Those who follow this blog know that Phantom is one of my favorite musicals, one about which I have strong opinions, and I’ve written several entries about previous milestone performances.
Phantom of the Opera reaches another historic milestone, celebrating 30 years on Broadway. While the official anniversary date is January 26th, the celebration took place two days earlier for reasons unknown (or at least, as far as I’m aware). January 26, 2018 falls on a Friday, which is not a dark night for the show, so I would presume there were scheduling reasons for the celebration to be on the 24th instead of the 26th. Nevertheless, I was able to obtain a ticket for the celebratory performance on the 24th via a special Telecharge promotional code for seats in the rear mezzanine for $30; I had also obtained a ticket for the 26th a few months earlier, before the announcement that the celebration was to be on the 24th. Like the 25th Anniversary performance, the special celebratory performance started at 6:30pm, with the red carpet event inside the lobby, with Imogen Lloyd Webber and Sierra Boggess interviewing alumni cast members, as well as producer Cameron Mackintosh, director Hal Prince and composer Andrew Lloyd Webber. Of course, I was among the attendees amid the press taking photos and straining to catch a glimpse of the actors and creatives.
Like the Gala Night, when I got to my seat, there was a complementary 30th Anniversary program, and a special playbill cover commemorating the historic night. The performance began with the usual pre-show disclaimer about silencing cell phones, prohibiting texting and photography during the show. Peter Jöback gave a great performance, which had a more rock quality than the usual lyrical tenor interpretation, Ali Ewoldt was an astounding Christine with her pitch perfect delivery, and Rodney Ingram was fantastic, and has the voice of a future Phantom. Waves of applause and cheers throughout the show, with one notable lyric change (presumably only for this particular performance) – in the Final Lair scene, in the Phantom’s final ultimatum, he sang “do you end this night with me?” (instead of “your days”).
After the curtain call, the post show celebration began, which was also live streamed on social media. With the stage set up to resemble the Phantom’s lair, the covered set piece of the Phantom’s organ to reveal composer Lord Andrew Lloyd Webber, who spoke about the show’s longevity and waxed lyrical about his own “Angel of Music”, leading to the presumption that Sarah Brightman would appear… only to reveal Cameron Mackintosh. They bantered for a while (which was highly amusing) , then segues into Lloyd Webber introducing cast members from School of Rock to perform a rock rendition of the Title Song, during which Sarah Brightman does appear to perform along with current Phantom Peter Jöback. The ovation when Brightman sauntered on stage was deafening, and the kids from School of Rock were amazing. More bantering between Mackintosh and Lloyd Webber ensued followed by Hal Prince, reading out statistics about the show’s 30-year history (as he did five years ago), after which some of the original cast members came onstage (later joined by the current cast) to sing a snippet of “Masquerade”. A rousing round of “Happy Birthday” was sung by everyone, to commemorate the anniversary as well as Hal Prince’s impending 90th birthday, ending with steamers and confetti bursting out onto the audience (and onto the chandelier).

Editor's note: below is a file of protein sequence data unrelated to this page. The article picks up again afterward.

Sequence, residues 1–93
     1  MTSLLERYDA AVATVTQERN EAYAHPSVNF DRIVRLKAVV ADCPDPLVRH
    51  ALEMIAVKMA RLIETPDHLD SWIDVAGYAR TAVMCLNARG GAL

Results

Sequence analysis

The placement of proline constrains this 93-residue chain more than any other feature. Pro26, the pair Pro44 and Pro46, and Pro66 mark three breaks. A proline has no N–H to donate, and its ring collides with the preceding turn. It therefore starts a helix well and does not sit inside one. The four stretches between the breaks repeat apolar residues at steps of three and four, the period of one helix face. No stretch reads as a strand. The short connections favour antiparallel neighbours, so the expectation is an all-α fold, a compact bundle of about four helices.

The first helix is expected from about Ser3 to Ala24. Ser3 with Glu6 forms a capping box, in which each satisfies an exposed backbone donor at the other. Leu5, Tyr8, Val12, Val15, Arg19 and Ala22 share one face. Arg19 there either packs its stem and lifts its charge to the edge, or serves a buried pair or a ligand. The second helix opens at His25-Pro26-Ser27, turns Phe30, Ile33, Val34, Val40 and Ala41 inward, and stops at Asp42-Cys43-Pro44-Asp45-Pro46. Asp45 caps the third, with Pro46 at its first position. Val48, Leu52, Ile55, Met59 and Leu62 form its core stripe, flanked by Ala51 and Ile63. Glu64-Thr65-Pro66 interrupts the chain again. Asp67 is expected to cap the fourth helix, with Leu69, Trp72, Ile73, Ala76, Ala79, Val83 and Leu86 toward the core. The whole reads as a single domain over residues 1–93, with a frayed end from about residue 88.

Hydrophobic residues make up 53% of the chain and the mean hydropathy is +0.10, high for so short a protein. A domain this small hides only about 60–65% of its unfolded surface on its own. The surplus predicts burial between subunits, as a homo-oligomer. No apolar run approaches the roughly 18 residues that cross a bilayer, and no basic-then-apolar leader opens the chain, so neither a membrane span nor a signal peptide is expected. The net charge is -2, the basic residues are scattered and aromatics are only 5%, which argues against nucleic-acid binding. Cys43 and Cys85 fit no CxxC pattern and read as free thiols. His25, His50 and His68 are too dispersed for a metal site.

As the after party was invitation only, I ended up taking a few selfies with the chandelier before heading home. There was also a special light show on the Empire State Building, which was also streamed online. I didn’t see it ‘live’ (as I was en route home – after all, it was a work night) and even if I had managed to find a good spot, it’d be a light show. I did watch back the live streamed video, and it was spectacular.
As milestones go, it was fantastic to see former cast members on stage and at the red carpet event, as well as the adorable banter between the Producer and the Composer.
Onward to the official 30th anniversary performance for which I sat second row orchestra, right beneath the chandelier – a first for me; it was equally thrilling and slightly unnerving to watch the chandelier move towards you before ascending above. The cast was as fantastic as they were on the 24th, and after the curtain call the three leads gave a short speech about the monumental anniversary.
Needless to say Phantom of the Opera has secured its place in Broadway history – congratulations on 30 years, and here’s to the next 30!